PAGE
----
Over a year after it was first announced, Microsoft’s $69 billion Activision Blizzard deal is being picked apart under a microscope by regulators. It still appears to be crawling towards its inexorable conclusion, but things are getting very messy, and incredibly silly, in the process.
The latest stunt? Activision’s chief communications officer accused Sony Interactive Entertainment CEO Jim Ryan of refusing to even consider an agreement that would keep Call of Duty on PlayStation for 10 years, apparently in the hopes of sabotaging the biggest tech merger in history.
“I don’t want a new Call of Duty deal,” Ryan reportedly said in a close-door meeting in Brussels, Belgium last month. “I want to block your merger.”
That’s according to Activision’s Lulu Cheng Meservey, who you may remember from past Twitter threads such as Elon Musk critics need not apply (which was recently deleted), unions are bad actually, and “Sony is ‘the first of us’”. Responding to a follow-up question by The Verge’s Tom Warren, she confirmed the comment was made on February 21, the day Microsoft and Sony met for closed door hearings with EU regulators.
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The comment, which Sony has yet to confirm or deny, is at once both obvious and an unusual breach of the hyper secrecy around everything that’s become standard in the video game industry. Microsoft Gaming CEO Phil Spencer propped the door open last fall when he told The Verge that his company had previously presented a proposal to Sony to extend its current contract to bring Call of Duty to PlayStation. “I hadn’t intended to comment on what I understood to be a private business discussion,” Ryan responded at the time. Meservey’s tweet yesterday was the equivalent of kicking that door down.
Read More: Everything That’s Happened In The Microsoft-Activision Merger Saga
It’s also just the latest chess move in an absurd game of two tech behemoths jockeying for position in the global gaming market by trying to work the refs. The UK’s Competition and Markets Authority, which Microsoft has accused of being in Sony’s pocket, suggested last month that it simply buy every part of Activision Blizzard except the Call of Duty one.
Microsoft recently responded with proposed deals to put the blockbuster franchise on Switch and keep it on PlayStation for at least 10 years. Sony countered that there was nothing to stop Call of Duty from being buggier on PlayStation than Xbox if Microsoft owns it. Microsoft said nuh uh. Activision Blizzard CEO Bobby Kotick said the UK would become “death valley” if it messes the deal up.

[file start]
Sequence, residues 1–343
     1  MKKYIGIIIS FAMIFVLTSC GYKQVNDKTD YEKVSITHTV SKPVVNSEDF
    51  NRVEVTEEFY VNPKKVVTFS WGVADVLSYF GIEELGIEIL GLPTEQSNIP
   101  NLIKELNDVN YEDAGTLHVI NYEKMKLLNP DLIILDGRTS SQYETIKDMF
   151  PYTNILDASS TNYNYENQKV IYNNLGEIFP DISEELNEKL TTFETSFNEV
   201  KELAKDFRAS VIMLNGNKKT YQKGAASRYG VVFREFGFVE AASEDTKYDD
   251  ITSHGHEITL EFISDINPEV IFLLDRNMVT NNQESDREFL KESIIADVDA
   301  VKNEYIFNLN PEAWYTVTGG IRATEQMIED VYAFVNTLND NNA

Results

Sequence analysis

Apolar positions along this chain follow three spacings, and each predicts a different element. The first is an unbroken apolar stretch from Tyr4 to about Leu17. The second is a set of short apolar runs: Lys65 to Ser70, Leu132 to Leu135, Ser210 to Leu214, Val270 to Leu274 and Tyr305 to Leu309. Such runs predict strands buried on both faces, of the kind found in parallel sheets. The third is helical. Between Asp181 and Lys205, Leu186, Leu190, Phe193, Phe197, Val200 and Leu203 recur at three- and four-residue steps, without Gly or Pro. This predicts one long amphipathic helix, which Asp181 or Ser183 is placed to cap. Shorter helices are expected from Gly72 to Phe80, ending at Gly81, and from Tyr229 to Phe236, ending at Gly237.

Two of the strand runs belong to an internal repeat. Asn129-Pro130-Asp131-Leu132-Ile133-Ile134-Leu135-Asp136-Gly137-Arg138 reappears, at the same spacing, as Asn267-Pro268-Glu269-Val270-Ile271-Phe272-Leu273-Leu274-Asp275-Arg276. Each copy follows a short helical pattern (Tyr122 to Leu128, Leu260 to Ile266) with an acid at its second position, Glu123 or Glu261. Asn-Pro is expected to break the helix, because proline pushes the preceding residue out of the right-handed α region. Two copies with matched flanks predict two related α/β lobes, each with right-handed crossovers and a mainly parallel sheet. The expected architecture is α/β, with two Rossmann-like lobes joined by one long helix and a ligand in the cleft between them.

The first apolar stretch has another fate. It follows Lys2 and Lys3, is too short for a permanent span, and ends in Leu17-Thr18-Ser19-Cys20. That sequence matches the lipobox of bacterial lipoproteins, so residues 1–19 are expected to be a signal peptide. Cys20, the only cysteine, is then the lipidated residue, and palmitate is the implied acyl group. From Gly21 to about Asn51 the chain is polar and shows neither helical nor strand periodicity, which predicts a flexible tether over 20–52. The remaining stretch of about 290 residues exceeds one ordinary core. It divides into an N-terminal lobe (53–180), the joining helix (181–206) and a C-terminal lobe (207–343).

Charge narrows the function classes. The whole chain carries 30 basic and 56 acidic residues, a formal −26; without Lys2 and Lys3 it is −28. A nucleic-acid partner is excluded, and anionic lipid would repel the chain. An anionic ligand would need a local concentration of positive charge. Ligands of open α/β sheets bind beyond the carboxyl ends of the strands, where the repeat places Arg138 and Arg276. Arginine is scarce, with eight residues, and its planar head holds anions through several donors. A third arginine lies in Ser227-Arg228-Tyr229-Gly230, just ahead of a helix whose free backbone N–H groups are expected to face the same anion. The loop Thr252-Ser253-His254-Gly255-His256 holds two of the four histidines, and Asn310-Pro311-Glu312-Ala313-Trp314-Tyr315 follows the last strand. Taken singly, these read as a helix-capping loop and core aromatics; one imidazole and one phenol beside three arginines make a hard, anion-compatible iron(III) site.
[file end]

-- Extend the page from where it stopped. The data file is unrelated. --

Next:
Meanwhile in the EU, Reuters recently reported that Microsoft seems poised to prevail, while in the U.S. the Federal Trade Commission is still preparing its antitrust lawsuit that seems engineered more to extract concessions than to completely scuttle the merger. And Microsoft has already prevailed in other large markets like Brazil.
This entire process has been enlightening and useful in so far as it’s forced companies to reveal things they never would have otherwise, including that Game Pass does cannibalize some sales on Xbox, and that Sony doesn’t think Electronic Arts’ Battlefield will ever truly be able to compete with Call of Duty. But it’s also been an absurd sideshow in how much it’s revolved around a single game and a few metrics like console market share.
Last year’s Modern Warfare II proved the multiplayer shooter series remains incredibly popular and profitable. At the same time, video games have shown time and again how foolhardy and perilous it is to try and predict what players will want five years out. The Xbox 360 ate the PS3’s lunch. Sony returned the favor with the PS4. Everyone thought Nintendo would go out of business after the Wii U. The Switch is now the best thing it’s ever made. Hey, wait, I’ve got an idea. What if instead of buying Activision Blizzard, Microsoft just made the Switch 2?
Sony, Microsoft, and Activision did not immediately respond to requests for comment.